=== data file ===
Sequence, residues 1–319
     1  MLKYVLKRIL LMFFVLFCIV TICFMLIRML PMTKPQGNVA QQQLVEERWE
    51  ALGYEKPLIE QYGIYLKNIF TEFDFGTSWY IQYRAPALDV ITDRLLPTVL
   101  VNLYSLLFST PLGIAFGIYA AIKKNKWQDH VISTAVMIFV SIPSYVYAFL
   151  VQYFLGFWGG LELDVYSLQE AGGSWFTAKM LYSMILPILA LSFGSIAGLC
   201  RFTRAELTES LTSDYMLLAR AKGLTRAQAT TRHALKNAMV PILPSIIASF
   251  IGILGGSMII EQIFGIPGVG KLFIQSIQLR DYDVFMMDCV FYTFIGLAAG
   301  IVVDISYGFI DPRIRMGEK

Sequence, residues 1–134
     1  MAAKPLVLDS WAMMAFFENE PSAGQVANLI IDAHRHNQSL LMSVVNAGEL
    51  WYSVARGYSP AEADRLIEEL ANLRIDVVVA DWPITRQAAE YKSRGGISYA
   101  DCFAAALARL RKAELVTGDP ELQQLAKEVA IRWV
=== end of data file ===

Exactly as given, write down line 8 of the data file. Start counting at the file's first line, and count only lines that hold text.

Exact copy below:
   301  IVVDISYGFI DPRIRMGEK